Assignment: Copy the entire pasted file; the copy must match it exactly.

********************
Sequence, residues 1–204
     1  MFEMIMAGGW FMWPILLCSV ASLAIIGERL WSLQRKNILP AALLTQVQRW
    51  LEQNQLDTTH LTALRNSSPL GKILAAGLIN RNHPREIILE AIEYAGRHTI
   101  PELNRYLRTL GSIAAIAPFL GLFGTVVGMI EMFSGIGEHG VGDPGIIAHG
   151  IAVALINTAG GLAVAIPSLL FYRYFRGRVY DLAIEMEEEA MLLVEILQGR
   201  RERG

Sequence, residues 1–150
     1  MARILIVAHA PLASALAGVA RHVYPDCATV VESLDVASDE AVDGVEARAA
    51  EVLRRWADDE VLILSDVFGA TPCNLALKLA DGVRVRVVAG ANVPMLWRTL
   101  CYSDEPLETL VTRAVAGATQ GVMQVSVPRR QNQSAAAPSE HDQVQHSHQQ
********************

Sequence, residues 1–204
     1  MFEMIMAGGW FMWPILLCSV ASLAIIGERL WSLQRKNILP AALLTQVQRW
    51  LEQNQLDTTH LTALRNSSPL GKILAAGLIN RNHPREIILE AIEYAGRHTI
   101  PELNRYLRTL GSIAAIAPFL GLFGTVVGMI EMFSGIGEHG VGDPGIIAHG
   151  IAVALINTAG GLAVAIPSLL FYRYFRGRVY DLAIEMEEEA MLLVEILQGR
   201  RERG

Sequence, residues 1–150
     1  MARILIVAHA PLASALAGVA RHVYPDCATV VESLDVASDE AVDGVEARAA
    51  EVLRRWADDE VLILSDVFGA TPCNLALKLA DGVRVRVVAG ANVPMLWRTL
   101  CYSDEPLETL VTRAVAGATQ GVMQVSVPRR QNQSAAAPSE HDQVQHSHQQ